Vienna, 21 December 2005 - On the occasion of the statement of government policy in the National Council today, Foreign Minister Ursula Plassnik spoke of the tasks facing Austria as it takes over the EU Council Presidency.
Now that the lead curtain of the Financial Perspective had been removed, said Plassnik, the Austrian Presidency had its hands free to address the most urgent issues on the EU agenda. The Austrian Presidency had a demanding task in front of it. "We will take advantage of the positive mood following a lean year in Europe in 2005. It is important to shift our attention away from the deficiencies towards the achievements of this European community devoted to peace and solidarity and to concentrate on the list of specific projects," said the Foreign Minister.
As a starting point, Plassnik referred to three fundamental objectives that the Austrian Presidency had set for itself: more confidence by our citizens in a unified Europe, more clarity concerning the future course of the EU and greater élan for our shared European project, in particular with regard to the economy and to employment.
Plassnik emphasised that these objectives could not be achieved overnight and that there were no patent recipes. "We need to talk openly about the problems and put an end to the refusal to discuss issues. It is a time for rationality and precision." Solutions could be found, continued the Foreign Minister, only by all 25 Member States of the EU together. The necessary answers should not be sought in small groups or other group experiments at the European level.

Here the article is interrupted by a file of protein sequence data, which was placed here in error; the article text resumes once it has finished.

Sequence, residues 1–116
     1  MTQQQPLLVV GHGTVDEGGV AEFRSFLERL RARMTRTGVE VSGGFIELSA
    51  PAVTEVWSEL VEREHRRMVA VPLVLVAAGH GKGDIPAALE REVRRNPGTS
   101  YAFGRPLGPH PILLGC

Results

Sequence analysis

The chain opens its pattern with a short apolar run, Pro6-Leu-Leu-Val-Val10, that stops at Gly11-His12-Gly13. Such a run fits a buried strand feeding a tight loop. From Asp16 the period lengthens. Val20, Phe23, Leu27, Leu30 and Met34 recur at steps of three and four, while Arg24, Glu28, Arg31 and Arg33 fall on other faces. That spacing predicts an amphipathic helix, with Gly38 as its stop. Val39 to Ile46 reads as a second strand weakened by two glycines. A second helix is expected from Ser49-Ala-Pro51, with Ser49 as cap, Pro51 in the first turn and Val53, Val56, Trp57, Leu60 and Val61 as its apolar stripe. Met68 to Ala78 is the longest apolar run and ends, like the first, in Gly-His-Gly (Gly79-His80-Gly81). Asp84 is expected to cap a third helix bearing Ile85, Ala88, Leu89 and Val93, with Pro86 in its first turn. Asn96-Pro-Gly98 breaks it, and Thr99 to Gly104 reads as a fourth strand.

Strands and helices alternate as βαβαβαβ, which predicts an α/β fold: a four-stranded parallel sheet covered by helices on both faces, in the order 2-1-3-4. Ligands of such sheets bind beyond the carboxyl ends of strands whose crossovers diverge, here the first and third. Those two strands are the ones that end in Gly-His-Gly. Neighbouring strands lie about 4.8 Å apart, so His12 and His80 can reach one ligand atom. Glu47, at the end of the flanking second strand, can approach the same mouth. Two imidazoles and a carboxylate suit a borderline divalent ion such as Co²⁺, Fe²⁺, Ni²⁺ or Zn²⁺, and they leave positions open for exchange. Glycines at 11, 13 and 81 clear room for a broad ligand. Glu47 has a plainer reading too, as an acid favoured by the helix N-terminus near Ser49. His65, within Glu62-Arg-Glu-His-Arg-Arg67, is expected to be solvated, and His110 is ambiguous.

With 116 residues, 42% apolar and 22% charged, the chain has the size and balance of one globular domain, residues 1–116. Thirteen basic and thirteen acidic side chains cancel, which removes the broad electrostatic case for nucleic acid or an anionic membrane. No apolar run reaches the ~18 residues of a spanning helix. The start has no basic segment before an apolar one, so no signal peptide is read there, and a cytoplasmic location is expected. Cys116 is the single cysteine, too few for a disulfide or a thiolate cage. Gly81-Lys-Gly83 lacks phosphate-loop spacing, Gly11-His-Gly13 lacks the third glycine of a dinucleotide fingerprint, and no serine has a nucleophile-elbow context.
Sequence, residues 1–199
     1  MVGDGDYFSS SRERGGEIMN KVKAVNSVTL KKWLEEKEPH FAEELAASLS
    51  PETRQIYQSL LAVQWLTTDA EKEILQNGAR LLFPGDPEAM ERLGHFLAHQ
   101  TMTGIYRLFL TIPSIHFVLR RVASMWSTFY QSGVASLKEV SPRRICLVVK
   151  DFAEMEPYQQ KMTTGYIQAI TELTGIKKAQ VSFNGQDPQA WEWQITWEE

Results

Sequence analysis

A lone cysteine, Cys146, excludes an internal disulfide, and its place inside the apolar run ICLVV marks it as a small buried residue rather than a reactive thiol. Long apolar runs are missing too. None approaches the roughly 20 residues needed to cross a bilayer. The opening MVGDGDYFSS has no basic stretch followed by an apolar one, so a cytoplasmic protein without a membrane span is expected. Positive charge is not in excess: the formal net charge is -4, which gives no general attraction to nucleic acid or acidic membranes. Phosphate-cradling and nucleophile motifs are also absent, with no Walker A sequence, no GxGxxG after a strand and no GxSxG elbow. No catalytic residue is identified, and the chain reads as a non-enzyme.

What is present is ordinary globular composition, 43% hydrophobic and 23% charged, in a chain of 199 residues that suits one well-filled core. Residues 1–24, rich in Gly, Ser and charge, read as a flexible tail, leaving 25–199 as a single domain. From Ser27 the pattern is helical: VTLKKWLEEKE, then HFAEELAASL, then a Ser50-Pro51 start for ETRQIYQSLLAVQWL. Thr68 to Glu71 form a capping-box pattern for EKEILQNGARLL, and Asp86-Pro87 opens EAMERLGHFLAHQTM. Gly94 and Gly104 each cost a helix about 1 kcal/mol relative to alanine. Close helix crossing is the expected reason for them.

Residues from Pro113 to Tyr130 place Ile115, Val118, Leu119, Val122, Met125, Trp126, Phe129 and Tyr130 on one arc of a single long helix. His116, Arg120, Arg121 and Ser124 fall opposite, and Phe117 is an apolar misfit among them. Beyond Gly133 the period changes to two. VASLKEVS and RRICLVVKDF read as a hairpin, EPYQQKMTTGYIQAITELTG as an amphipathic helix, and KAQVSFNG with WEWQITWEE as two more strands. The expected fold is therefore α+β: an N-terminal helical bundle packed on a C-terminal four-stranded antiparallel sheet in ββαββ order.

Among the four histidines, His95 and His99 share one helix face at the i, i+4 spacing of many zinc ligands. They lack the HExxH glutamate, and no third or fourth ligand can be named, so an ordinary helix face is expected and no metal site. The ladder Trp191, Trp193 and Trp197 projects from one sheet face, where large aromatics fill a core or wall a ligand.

"What we need now is a choreography, including a plan for the Constitutional Treaty, which we will develop with our partners as part of a team. We shall not hide behind the President’s chair nor will we forget national interests." Europe must move from a consolidation phase to a phase of explanation and specificity.
Regarding the EU’s external relations, Plassnik pointed in particular to the recognition of candidate status for the former Yugoslav Republic of Macedonia and to the EU’s relations with the Western Balkans. "The European peace project must also include our neighbours in South Eastern Europe. We need a policy of encouragement rather than dejection," said the Foreign Minister.